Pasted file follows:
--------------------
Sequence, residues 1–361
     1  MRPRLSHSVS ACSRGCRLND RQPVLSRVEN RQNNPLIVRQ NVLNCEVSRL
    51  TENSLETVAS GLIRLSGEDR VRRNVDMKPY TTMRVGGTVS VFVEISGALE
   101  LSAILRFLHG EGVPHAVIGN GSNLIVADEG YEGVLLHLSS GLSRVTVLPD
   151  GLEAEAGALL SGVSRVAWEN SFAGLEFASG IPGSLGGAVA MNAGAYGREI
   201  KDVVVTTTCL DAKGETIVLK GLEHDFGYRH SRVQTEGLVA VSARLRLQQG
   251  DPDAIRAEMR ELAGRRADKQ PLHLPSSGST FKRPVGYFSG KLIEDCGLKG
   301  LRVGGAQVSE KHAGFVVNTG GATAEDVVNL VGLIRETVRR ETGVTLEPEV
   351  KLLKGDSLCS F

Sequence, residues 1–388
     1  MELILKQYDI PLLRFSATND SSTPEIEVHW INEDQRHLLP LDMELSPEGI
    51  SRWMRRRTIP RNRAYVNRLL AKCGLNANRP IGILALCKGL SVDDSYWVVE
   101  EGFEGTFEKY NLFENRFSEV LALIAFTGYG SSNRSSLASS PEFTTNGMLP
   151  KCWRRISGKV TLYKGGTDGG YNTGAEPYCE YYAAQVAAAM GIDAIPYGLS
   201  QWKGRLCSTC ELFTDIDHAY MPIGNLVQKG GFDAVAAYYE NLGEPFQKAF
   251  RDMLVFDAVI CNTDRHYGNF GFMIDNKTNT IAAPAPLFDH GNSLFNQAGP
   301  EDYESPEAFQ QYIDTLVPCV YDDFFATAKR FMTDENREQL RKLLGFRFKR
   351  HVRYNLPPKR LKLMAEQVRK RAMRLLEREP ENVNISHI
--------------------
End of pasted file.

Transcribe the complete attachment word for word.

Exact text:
Sequence, residues 1–361
     1  MRPRLSHSVS ACSRGCRLND RQPVLSRVEN RQNNPLIVRQ NVLNCEVSRL
    51  TENSLETVAS GLIRLSGEDR VRRNVDMKPY TTMRVGGTVS VFVEISGALE
   101  LSAILRFLHG EGVPHAVIGN GSNLIVADEG YEGVLLHLSS GLSRVTVLPD
   151  GLEAEAGALL SGVSRVAWEN SFAGLEFASG IPGSLGGAVA MNAGAYGREI
   201  KDVVVTTTCL DAKGETIVLK GLEHDFGYRH SRVQTEGLVA VSARLRLQQG
   251  DPDAIRAEMR ELAGRRADKQ PLHLPSSGST FKRPVGYFSG KLIEDCGLKG
   301  LRVGGAQVSE KHAGFVVNTG GATAEDVVNL VGLIRETVRR ETGVTLEPEV
   351  KLLKGDSLCS F

Sequence, residues 1–388
     1  MELILKQYDI PLLRFSATND SSTPEIEVHW INEDQRHLLP LDMELSPEGI
    51  SRWMRRRTIP RNRAYVNRLL AKCGLNANRP IGILALCKGL SVDDSYWVVE
   101  EGFEGTFEKY NLFENRFSEV LALIAFTGYG SSNRSSLASS PEFTTNGMLP
   151  KCWRRISGKV TLYKGGTDGG YNTGAEPYCE YYAAQVAAAM GIDAIPYGLS
   201  QWKGRLCSTC ELFTDIDHAY MPIGNLVQKG GFDAVAAYYE NLGEPFQKAF
   251  RDMLVFDAVI CNTDRHYGNF GFMIDNKTNT IAAPAPLFDH GNSLFNQAGP
   301  EDYESPEAFQ QYIDTLVPCV YDDFFATAKR FMTDENREQL RKLLGFRFKR
   351  HVRYNLPPKR LKLMAEQVRK RAMRLLEREP ENVNISHI